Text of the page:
Merritt found the eagle, a four-year-old male, right where Jim said he would be, perched on a piece of driftwood near the base of a cliff, opening and closing his mouth and stretching out his wings, but unable to fly.
Merritt’s first thought was to see if the eagle might step over to a smaller piece of driftwood, that he could carry back to Beth, but the eagle was having none of that. There was nothing for Merritt to do but meet Beth, take Bo, jog back to the parking lot along the ribbon of sand, crushed shells, rocks, and seaweed that remained above the tide, and go get our biggest dog crate, leaving Bo at home.
Now or never
Beth, a former vet tech, experienced with big birds, did a field assessment of the eagle’s condition and named him “Elvis.”
Recounted Beth later on Facebook, “The tide kept rising. Before Merritt could return, Elvis tried to climb the cliff and fell a foot or two. I used my jacket to cover him and lifted it slowly to find his humongous talons. Once I had his legs secure in my hand, I pulled down the other part of my jacket and covered his head with my knit hat, then scooped him up in my jacket and made my way to meet Merritt, who was now in sight,” carrying the big dog crate, splashing through the surf as the whales circled and fed nearby.
“We placed Elvis in the large crate and made our way back through the rising tide, over a mile of snags and driftwood,” Beth continued. “We were tired, but determined! We did it!”
At the biggest snag, where we had no choice but to wade, one of the whales glided by parallel to us, almost close enough to exchange “high fives.”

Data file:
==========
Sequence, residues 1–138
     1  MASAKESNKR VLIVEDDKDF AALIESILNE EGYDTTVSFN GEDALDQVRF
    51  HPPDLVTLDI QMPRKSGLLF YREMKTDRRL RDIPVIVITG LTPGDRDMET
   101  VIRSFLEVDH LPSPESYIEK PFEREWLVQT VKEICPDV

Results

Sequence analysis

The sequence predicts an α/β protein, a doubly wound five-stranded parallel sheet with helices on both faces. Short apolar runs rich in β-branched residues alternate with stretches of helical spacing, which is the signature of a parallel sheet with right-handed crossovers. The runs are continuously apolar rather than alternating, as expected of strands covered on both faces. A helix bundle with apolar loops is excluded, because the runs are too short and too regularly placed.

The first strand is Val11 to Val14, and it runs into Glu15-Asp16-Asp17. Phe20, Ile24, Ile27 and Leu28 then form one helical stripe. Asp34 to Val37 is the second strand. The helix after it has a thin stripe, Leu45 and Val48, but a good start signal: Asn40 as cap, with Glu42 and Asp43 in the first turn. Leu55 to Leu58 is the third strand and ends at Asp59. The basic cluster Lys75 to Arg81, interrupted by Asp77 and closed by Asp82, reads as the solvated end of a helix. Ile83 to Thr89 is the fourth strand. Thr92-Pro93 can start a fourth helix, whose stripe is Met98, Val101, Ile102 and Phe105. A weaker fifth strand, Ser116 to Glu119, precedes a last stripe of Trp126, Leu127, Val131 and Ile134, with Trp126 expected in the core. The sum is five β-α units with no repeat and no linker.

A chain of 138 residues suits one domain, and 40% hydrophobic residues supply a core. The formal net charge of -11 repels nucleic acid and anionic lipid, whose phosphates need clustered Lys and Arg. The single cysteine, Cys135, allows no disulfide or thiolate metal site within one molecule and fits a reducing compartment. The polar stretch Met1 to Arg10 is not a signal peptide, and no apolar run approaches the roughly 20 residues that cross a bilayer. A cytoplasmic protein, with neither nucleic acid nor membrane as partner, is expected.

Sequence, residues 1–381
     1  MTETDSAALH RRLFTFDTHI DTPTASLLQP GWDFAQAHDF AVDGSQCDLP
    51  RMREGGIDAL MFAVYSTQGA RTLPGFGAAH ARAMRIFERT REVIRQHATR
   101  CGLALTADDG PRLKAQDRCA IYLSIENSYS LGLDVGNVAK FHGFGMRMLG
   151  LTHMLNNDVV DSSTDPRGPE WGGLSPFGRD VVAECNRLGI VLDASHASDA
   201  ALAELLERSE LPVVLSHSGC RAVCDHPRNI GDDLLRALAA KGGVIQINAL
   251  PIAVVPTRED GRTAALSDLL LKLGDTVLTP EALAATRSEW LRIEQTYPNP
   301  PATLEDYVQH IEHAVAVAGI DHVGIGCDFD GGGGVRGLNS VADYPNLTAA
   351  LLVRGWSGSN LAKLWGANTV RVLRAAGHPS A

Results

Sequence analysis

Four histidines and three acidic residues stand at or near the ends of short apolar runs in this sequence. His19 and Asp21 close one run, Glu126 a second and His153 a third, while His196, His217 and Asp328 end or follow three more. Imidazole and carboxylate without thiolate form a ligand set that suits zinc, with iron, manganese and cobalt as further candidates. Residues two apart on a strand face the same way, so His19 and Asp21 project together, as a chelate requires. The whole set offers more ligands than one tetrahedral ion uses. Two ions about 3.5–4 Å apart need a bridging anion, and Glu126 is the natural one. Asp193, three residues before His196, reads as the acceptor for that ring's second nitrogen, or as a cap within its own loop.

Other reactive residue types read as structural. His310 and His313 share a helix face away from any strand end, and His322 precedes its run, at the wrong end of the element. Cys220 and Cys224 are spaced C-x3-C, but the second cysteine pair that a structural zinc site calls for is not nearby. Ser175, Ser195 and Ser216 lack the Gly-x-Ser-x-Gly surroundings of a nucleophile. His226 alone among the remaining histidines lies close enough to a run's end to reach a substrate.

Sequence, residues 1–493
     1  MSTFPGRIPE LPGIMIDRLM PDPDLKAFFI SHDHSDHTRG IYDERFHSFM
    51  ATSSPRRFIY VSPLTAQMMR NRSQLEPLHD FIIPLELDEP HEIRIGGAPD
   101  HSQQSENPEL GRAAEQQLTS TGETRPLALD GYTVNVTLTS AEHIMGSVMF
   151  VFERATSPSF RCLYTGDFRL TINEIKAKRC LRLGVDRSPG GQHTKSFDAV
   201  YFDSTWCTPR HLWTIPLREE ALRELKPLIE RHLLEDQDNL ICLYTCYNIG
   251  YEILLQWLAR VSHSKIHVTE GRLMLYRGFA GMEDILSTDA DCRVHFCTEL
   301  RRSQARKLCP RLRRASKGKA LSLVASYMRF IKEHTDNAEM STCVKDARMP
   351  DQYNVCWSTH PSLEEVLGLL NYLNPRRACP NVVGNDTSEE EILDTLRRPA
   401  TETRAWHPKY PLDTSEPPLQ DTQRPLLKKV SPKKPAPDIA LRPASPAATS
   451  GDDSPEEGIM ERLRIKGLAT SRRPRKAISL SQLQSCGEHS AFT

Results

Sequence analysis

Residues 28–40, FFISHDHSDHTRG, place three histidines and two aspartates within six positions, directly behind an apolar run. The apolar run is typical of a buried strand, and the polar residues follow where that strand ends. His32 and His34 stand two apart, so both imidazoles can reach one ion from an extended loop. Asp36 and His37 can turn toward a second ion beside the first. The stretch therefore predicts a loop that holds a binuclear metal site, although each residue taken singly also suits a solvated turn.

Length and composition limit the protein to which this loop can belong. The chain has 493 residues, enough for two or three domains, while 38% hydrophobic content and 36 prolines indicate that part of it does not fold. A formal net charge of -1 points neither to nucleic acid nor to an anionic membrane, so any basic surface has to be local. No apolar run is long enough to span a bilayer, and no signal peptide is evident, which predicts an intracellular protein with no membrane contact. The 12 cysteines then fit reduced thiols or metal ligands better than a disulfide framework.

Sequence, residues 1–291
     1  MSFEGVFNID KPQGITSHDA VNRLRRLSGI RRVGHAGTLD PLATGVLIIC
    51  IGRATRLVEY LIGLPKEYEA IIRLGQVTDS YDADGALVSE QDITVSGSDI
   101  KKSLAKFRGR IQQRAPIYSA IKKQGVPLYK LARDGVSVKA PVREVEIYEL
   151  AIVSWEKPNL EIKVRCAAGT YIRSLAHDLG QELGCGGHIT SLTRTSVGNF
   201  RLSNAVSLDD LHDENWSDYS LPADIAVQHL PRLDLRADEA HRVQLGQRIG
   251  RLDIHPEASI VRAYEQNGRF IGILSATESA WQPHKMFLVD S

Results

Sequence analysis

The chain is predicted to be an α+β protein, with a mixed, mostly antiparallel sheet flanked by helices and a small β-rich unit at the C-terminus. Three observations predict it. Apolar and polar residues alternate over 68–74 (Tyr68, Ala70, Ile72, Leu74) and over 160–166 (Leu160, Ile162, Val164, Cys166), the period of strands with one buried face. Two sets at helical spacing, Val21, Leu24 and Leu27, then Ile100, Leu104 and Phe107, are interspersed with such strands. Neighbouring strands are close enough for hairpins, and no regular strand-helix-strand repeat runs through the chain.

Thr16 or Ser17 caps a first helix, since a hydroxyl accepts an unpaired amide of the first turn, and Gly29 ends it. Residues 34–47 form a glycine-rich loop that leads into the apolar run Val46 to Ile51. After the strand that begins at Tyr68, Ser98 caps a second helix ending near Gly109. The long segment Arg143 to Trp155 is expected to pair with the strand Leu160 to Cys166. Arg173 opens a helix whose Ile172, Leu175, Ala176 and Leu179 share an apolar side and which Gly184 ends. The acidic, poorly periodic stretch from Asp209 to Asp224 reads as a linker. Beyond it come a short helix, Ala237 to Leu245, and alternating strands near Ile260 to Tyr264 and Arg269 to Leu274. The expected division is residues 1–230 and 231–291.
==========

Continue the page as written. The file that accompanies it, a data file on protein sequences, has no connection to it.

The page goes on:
All shook up
We drove Elvis to the veterinary clinic in Oak Harbor that helped Ollie the malnourished great horned owl a little over a year earlier, after he crashed into the surf and Beth plucked him out.
The only enduring casualty of the episode was Beth’s cell phone.
Somehow, in carrying Elvis down the beach, Beth’s cell phone absorbed a fatal dose of salty moisture, perhaps from whale spray––she did not drop it.
Because Beth uses her cell phone to do all of her work for ANIMALS 24-7, including photography and photo-editing, we replaced it immediately. But unfortunately an appeal we sent to readers soon afterward failed to recover the full cost of the replacement.
Beth, meanwhile, returned Elvis to the wild after rescuing two runaway dogs from traffic in two days.
Sophie, a beagle mix, had escaped from her home, without her person realizing she was gone, and was running around in the road nearby.
The other dog, a Cavalier King Charles spaniel, escaped from her person’s car en route to a veterinary appointment by jumping out of the open driver’s side window when the driver stopped at an intersection. We saw the spaniel and the driver racing around in frantic, chaotic circles through several large front yards, while the car sat idling in the road.
While Merritt was parking and putting on our four-way flashers, Beth ran across the road, squatted down, and called to the spaniel––who immediately broke out of his wild orbit to run directly into her arms.
Help us make it through the night!
Doing hands-on animal rescue is not our focal mission here at ANIMALS 24-7, but when occasion demands, whether to lead a llama out of traffic as we did in September 2014, or to pick up a lost ferret at a city park, as we did in March 2017, or to bring an injured eagle to safety through the surf, we take pride in demonstrating how to do it quickly, safely, and effectively––just as we take pride in presenting calm, professionally delivered news and analysis.